Updated for the 2019 edition

Below you can find all sorts of historical Liège-Bastogne-Liège cycling statistics. Over time this page will be expanded and improved with more cycling statistics and visualizations. If you are interested in cycling betting don’t forget to check out our predictions page. The 2019 Liège-Bastogne-Liège predictions will be published once the startlist is (almost) final.

Most figures and tables below should be self explanatory. For some we provide some additional explanation. If you still have questions don’t hesitate to send us a tweet or email.

Quick Facts

Sunday April 28, 2019
256 kilometers
2018 winner
Bob Jungels

Liège-Bastogne-Liège 2019 profile(s) and route

Back to top

Previous top 10’s

Table 1: Liège-Bastogne-Liège top 10 in 2017 and 2018
# 2017 2018
1 Alejandro Valverde Bob Jungels
2 Dan Martin (+0 s) Michael Woods (+37 s)
3 Michał Kwiatkowski (+3 s) Romain Bardet (+37 s)
4 Michael Matthews (+3 s) Julian Alaphilippe (+39 s)
5 Ion Izagirre (+3 s) Domenico Pozzovivo (+39 s)
6 Romain Bardet (+3 s) Enrico Gasparotto (+39 s)
7 Michael Albasini (+3 s) Davide Formolo (+39 s)
8 Adam Yates (+7 s) Roman Kreuziger (+39 s)
9 Michael Woods (+7 s) Sergio Henao (+39 s)
10 Rafał Majka (+7 s) Jakob Fuglsang (+39 s)

Back to top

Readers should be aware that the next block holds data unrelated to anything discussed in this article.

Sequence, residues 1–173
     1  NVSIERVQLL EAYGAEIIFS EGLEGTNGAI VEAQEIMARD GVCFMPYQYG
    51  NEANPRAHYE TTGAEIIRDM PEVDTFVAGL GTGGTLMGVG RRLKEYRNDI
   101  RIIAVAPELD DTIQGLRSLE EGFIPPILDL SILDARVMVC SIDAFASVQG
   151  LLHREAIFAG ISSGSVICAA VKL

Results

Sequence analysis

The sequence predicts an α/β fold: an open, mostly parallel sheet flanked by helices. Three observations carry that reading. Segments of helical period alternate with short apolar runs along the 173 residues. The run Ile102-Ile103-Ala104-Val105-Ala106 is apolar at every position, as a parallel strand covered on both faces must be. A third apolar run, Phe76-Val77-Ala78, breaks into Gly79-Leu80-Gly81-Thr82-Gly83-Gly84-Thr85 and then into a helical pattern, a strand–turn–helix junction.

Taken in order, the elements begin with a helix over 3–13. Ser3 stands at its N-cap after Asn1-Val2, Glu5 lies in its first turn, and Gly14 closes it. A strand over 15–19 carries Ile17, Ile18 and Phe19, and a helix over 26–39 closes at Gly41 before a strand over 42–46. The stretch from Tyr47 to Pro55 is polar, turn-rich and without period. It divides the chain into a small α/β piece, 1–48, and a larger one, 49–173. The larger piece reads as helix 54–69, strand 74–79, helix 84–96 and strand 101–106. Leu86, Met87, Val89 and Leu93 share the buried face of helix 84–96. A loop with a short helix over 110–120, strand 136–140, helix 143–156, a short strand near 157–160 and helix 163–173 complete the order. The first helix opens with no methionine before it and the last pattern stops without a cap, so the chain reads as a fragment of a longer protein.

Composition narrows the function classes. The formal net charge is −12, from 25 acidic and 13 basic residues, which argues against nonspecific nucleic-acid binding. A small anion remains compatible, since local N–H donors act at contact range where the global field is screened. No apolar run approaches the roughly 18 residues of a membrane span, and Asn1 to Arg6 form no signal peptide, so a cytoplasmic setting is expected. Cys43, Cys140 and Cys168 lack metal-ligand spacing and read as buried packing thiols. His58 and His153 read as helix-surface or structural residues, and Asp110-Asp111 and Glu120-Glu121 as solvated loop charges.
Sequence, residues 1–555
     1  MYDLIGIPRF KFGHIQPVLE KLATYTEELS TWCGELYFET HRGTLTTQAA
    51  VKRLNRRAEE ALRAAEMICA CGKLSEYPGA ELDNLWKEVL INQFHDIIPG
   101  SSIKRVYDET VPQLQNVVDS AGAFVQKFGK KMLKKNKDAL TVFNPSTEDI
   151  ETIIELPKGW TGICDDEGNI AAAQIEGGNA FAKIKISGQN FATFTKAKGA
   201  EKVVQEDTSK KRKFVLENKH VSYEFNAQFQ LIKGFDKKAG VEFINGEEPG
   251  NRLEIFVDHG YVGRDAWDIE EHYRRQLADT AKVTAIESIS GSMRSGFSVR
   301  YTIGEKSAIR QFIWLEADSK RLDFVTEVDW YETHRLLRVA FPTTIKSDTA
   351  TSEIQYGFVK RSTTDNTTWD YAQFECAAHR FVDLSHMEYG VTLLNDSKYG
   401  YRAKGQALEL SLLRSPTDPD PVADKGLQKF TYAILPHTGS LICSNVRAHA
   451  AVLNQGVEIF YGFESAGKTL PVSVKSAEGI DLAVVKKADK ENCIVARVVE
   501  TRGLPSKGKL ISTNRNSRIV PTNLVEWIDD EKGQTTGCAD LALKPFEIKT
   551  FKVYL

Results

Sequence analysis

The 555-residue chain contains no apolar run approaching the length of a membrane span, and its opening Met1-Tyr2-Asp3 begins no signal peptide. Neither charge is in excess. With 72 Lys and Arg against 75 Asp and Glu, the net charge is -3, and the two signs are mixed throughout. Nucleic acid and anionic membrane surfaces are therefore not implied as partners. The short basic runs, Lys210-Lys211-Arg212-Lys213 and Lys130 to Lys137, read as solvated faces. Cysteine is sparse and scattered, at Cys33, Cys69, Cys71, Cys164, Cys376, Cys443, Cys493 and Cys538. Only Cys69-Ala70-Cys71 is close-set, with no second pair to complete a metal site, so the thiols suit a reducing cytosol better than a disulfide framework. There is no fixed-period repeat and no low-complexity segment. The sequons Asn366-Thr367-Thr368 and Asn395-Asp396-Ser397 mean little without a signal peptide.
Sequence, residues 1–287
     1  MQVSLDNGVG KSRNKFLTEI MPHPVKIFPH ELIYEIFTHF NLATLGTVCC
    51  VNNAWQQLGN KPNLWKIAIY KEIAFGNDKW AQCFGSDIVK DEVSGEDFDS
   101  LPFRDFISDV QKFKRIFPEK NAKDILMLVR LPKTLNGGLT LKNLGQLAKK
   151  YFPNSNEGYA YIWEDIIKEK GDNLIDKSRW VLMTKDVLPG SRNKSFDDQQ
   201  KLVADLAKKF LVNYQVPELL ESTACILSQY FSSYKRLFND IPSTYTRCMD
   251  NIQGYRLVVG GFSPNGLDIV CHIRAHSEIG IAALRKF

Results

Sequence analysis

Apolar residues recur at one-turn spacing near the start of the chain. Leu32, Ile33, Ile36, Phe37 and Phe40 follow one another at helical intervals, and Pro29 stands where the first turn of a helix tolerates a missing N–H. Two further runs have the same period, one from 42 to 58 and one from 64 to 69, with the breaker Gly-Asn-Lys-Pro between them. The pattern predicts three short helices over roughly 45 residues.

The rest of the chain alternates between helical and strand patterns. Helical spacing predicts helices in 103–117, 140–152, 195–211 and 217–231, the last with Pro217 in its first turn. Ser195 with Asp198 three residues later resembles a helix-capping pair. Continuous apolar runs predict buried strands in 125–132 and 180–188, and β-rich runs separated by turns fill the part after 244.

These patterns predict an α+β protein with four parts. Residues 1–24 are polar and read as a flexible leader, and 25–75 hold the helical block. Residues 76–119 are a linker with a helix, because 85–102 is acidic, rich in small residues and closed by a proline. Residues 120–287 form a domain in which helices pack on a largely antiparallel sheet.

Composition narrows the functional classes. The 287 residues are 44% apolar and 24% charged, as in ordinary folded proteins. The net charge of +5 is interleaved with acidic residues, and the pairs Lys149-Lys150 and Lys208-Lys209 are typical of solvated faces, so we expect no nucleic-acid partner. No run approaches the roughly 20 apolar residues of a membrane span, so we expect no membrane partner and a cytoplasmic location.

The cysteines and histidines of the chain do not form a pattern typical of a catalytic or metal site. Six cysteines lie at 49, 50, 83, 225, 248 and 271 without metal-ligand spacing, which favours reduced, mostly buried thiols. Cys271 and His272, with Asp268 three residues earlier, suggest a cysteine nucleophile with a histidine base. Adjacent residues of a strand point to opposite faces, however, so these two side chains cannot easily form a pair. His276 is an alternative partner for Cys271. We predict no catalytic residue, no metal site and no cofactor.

Most wins

Figure 1: Liège-Bastogne-Liège wins since 2012.

Back to top

Most top 10 classifications

Figure 2: Liège-Bastogne-Liège top 10 positions since 2012. Only the top 20 riders is shown.

Back to top

Number of DNF

Liège-Bastogne-Liège did not finishes (any reason) over time.

Figure 3: Liège-Bastogne-Liège did not finishes (any reason) over time.

Back to top

Top 20 Riders with most DNF

Figure 4: Top 20 riders with most did not finishes (any reason) since 2012. Only the top 20 riders is shown.

Liège-Bastogne-Liège results in one figure

Figure 5: Liège-Bastogne-Liège time differences since 2012

Figure 5 is most likely the most complicated figure on this page. Let’s break it down step-by-step, starting with the axes. The vertical axis contains the time difference compared to the Liège-Bastogne-Liège winner. The winner, of course, arrives with a time difference of zero. All time differences are scaled with a square root, so you can properly see the small time differences close to the winner and large time differences, higher up the axis, don’t take up that much space. The horizontal axis contains the race years

Then we have dots. Actually, many of them. Each dot represents a ‘bunch’ of riders that finished at the same time. The size of the dot corresponds to the amount of riders in the ‘bunch’.

The dots are also coloured. A red dot means that this group of riders belongs to the first 10 groups of riders that reached the finish. After the 10th group the dots get coloured blue. Group of riders that finishes more than 5 minutes behind the winner are not shown. Finally, the black dots represent the riders that did not make it to the finish for whatever reason (time limit, crash, etc).

All dots should be interactive. You can hover over them with your mouse and see which riders finished within that dot and the ranking of the riders. It may be a bit more complicated to get the dots to work properly on a phone.

Back to top